Friday, April 25, 2014
By Gosia Wozniacka / The Associated Press
(Continued from page 1)
Farmworkers pick paper trays of dried raisins off the ground and heap them onto a trailer in the final step of the raisin harvest this month near Fresno, Calif.
The Associated Press
On a recent September morning in an endless stretch of San Joaquin Valley vineyards, workers lifted paper trays filled with raisins and heaped them onto a trailer – the final step in an exceptionally profitable raisin harvest for the workers.
With farmworkers in such high demand, many said they shun remote locations and choose fields closer to home; they pick crops that pay better; they also prefer lighter work instead of tougher jobs that require being bent over all day. More women are also in the fields.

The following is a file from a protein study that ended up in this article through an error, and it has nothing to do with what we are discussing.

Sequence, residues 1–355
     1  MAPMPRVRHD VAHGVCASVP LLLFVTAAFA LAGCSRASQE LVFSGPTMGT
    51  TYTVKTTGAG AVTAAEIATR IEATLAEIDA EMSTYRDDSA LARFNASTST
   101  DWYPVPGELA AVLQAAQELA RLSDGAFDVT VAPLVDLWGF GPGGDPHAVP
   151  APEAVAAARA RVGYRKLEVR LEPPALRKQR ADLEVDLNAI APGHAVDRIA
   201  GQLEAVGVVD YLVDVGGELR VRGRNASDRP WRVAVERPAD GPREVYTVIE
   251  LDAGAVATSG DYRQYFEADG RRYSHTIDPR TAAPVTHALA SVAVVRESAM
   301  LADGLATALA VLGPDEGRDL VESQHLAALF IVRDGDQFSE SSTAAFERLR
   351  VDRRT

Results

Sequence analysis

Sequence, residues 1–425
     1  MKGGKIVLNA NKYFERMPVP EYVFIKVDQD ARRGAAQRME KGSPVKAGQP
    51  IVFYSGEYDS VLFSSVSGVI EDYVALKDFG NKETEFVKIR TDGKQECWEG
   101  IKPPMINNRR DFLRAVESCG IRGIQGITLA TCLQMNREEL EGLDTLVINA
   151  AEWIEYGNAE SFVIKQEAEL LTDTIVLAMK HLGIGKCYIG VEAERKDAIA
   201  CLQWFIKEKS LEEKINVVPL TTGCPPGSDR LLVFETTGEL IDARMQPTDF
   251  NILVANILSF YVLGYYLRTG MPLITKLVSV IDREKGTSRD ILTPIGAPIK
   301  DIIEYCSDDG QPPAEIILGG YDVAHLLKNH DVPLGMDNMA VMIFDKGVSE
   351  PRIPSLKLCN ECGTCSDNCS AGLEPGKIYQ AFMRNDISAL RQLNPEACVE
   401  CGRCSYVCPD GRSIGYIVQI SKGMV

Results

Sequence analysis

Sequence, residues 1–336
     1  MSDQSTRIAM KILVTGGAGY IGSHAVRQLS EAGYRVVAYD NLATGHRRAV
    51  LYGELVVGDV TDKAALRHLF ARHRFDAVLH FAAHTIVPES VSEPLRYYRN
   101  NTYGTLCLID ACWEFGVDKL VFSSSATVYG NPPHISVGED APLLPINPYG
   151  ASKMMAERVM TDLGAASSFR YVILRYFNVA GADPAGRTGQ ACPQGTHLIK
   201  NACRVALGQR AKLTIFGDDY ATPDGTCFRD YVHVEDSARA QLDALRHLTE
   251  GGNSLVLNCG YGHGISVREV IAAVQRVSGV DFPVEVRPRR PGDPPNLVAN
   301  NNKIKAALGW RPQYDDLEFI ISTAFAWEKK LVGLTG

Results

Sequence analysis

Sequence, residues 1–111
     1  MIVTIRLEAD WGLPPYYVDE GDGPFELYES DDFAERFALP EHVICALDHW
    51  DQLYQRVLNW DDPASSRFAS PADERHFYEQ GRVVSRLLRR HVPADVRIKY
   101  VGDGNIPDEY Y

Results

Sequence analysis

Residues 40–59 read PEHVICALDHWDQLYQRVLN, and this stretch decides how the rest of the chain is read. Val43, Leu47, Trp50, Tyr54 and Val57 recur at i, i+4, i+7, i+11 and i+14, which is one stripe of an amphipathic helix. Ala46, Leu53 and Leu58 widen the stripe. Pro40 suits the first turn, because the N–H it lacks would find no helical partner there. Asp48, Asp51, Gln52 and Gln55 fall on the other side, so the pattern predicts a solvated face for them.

Because most workers now have smartphones, they text each other information about pay and working conditions – and some switch employers mid-way through harvest if better opportunities arise.
As a result, labor contractors and growers must work harder to fill and retain work crews. Cisneros said he even trained and hired high school students this summer to pick grapes – something he was not willing to do in the past.
Growers like Carson Smith, in turn, have raised wages by 20 percent over the past two years. The wine grape grower, who farms 800 acres near Fresno, said his biggest competition for workers is from table grape growers who are also raising wages for their pickers.
"The fear of a shortage drove us to increase pay," said Smith, who paid his machine drivers $12.75 per hour, $2 more than previous years. "We set our wages to where we thought we could attract people, though it was still tougher than other years to fill our positions."